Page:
The gap between people with effective access to digital and information technology, and those with very limited or no access at all.
The “digital divide” in the accessibility of telecommunications services remains far too wide — and that current needs give urgency to closing it. A lack of sufficient Internet access is very likely keeping 12 million students from doing distance learning while their schools are closed.And the more that low-income communities are dependent on temporary grace from telecom providers, the more they have to lose when this is all over. New ideas are clearly required.
Although the city of San Jose has neither authority nor budgetary responsibility over our 19 school districts, the city has a moral responsibility to support their critical work. Among the city’s many educational initiatives, it committed to close the digital divide in San Jose by launching the Digital Inclusion Partnership last year, to build digital skills and expand broadband access.
Sen Dick Durbin (D-IL), along with 22 of his Senate colleagues, urged the Department of Treasury to increase its efforts to make Economic Impact Payments available to the most vulnerable populations—including those without access to the internet who cannot file a tax return electronically. In a letter to Treasury Secretary Steven Mnuchin, Durbin and the Senators highlighted that at least 21 million Americans are without high-speed internet access and they face a significant barrier in their ability to file a simple tax return online if they are not eligible to receive an automatic payment.
The coronavirus pandemic has forced a lockdown of millions of people around the world, and New York, where schools have been shut down since March 16, and teachers and students have resorted to distance learning with online classes. But Larissa Rosa, an English-as-a-second-language teacher at Public School 7 Samuel Stern in the East Harlem neighborhood of New York, said at least 45 of the roughly 400 students at her school haven't logged on once.
Here in Georgia, we believe in second chances. That is why students across the state are rallying to give the University System of Georgia another shot at getting the optional pass/fail policy right. Right now, we are struggling to accommodate the transition to online education. For one, home Wi-Fi rarely works. The University of Georgia has recognized that connectivity and access pose a huge issue for many students, so it has offered to distribute Wi-Fi hotspots. But in some places, cell service is so poor that sometimes texts won’t go through.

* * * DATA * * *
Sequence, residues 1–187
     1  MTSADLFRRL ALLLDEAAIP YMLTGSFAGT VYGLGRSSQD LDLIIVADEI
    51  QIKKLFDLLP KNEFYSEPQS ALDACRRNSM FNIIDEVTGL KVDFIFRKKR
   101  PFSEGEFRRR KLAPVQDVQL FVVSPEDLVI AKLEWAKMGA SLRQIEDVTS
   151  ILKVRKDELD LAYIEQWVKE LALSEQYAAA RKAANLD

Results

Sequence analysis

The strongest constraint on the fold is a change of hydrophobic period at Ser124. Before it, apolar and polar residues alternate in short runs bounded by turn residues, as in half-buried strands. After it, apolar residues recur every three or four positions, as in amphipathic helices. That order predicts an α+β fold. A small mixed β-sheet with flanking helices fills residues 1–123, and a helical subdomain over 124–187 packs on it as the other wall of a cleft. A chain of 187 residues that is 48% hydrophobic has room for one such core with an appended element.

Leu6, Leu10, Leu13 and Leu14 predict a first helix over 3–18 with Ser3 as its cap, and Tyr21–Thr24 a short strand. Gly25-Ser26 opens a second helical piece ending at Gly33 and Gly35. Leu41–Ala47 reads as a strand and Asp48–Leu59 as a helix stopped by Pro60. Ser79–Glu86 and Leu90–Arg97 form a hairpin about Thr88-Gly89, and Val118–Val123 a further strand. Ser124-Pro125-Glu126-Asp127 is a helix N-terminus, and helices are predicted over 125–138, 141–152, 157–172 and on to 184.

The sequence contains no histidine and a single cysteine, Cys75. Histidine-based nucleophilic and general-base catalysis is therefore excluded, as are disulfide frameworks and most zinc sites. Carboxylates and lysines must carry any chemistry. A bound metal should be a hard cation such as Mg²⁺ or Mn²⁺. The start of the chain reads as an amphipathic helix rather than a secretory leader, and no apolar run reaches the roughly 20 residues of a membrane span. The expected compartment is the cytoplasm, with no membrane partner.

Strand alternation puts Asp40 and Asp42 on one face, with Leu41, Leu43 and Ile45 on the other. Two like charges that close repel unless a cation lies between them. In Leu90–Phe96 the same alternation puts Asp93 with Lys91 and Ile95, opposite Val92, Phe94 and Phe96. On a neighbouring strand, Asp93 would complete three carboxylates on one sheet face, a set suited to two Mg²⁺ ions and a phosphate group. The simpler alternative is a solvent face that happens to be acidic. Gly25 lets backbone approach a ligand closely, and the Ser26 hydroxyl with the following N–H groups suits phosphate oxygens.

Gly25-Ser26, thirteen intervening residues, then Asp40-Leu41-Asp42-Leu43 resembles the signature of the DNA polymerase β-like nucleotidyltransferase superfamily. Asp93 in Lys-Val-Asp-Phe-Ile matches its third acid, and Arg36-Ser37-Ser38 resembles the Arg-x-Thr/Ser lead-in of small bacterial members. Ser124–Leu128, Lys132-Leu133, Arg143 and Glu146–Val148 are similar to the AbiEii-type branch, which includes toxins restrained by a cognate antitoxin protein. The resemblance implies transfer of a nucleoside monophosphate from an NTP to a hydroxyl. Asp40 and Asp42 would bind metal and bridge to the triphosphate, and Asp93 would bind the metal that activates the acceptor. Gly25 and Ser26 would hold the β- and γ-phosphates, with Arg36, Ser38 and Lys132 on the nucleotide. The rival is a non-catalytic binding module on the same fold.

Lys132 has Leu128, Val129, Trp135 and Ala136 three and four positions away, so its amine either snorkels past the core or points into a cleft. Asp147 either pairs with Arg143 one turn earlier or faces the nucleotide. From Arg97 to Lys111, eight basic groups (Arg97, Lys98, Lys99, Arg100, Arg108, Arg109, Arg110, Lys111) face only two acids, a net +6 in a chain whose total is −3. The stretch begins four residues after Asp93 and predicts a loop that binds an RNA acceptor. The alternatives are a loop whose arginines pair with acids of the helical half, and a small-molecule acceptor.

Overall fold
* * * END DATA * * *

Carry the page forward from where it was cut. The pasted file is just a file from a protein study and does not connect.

As the COVID-19 crisis took hold and schools in Lockhart (TX) had to close and shift to remote learning, the school district quickly conducted a needs assessment. They found that half of their 6,000 students have no high-speed Internet at home. And despite being a short drive south of Austin (TX), a third of all the students and staff live in "dead zones," where Internet and cell service aren't even available. With the help of a local Internet provider, the district is installing seven booster towers outside each of its schools.
The principles we need to connect us were enshrined by a Republican-led Congress in the Telecommunications Act of 1996. In the legislation, overwhelmingly approved by both Republicans and Democrats, the law mandates that the Federal Communications Commission to base policies for the preservation and advancement of universal service on principles including:
The COVID-19 pandemic has highlighted the widening digital divide. Roughly one-in-five American adults are “smartphone-only” internet users with no access to home broadband service or laptops. Low-income Americans and communities of color are particularly disadvantaged.
As the world raced to contain COVID-19, it effectively launched a necessary but costly experiment: Move all possible economic activity online to flatten the pandemic’s curve and save lives. But digitally recreating the economy-as-usual has its limits and the “Great Lockdown” comes with devastating economic costs. The digital experience needs fixing. Even as companies slowly return to business as usual, we’ll continue to see record numbers of people working remotely for the foreseeable future.